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Protected activity can include protesting racial comment

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in Employment Law,Human Resources

In some circumstances, all it takes to launch a retaliation lawsuit is a supervisor’s isolated, insensitive comment.

Recent case: Mark LaFranco, who worked in sales, is half Jewish. While at a convention with his new supervisor, LaFranco suggested they talk about his commissions. LaFranco claimed the boss said, “What, are you a Jew?”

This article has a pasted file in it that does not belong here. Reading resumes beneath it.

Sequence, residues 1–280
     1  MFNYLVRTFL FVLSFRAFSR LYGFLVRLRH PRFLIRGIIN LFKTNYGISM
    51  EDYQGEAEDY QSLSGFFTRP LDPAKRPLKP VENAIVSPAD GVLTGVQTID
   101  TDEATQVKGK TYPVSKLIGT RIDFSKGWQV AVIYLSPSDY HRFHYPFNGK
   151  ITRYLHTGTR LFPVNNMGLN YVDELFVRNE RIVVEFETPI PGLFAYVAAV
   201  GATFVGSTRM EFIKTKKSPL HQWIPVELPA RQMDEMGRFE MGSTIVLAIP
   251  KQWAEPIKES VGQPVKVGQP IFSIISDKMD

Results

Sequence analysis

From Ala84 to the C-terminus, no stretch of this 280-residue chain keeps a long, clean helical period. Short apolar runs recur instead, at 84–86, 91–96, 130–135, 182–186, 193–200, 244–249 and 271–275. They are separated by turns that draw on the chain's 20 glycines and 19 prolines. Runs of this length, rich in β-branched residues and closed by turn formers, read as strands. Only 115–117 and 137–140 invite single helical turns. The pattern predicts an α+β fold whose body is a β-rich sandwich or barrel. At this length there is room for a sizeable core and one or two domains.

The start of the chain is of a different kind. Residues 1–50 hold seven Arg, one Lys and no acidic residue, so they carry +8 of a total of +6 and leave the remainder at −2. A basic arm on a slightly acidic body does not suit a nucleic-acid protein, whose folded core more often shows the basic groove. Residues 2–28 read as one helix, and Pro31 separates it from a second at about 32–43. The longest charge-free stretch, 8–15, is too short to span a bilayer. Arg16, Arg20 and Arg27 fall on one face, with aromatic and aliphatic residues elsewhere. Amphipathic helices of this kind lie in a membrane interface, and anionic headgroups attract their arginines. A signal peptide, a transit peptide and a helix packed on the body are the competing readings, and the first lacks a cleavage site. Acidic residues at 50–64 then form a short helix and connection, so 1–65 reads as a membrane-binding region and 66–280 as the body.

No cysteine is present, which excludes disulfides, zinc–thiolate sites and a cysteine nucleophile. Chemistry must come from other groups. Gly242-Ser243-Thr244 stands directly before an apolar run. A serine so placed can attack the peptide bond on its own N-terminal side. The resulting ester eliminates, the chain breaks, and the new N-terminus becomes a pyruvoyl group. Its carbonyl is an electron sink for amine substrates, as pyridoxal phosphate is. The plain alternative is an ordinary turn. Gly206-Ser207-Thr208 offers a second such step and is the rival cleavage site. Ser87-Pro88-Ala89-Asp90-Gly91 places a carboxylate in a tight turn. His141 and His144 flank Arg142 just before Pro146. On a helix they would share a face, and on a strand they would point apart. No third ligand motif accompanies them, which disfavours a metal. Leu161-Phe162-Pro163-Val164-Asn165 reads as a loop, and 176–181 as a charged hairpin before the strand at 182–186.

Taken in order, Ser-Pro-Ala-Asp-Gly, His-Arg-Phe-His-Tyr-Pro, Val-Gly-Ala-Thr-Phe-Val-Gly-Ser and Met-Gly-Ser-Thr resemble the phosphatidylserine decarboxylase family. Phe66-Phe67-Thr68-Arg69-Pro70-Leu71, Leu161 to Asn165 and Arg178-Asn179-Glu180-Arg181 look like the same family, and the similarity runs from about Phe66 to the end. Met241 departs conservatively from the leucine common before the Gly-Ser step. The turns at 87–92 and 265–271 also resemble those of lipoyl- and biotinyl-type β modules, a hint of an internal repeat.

LaFranco said he was startled and blurted out that he was indeed half Jewish. The supervisor then abruptly left the room without saying anything else. Shortly after, LaFranco was fired.

He sued, alleging retaliation for pointing out that he is Jewish. A jury agreed and the company appealed.

The appeals court said LaFranco engaged in protected activity when he identified himself as Jewish after the boss’s comment. It upheld the jury award. (LaFranco v. Avaya, No, A-1666, Superior Court of New Jersey, Appellate Division, 2009)

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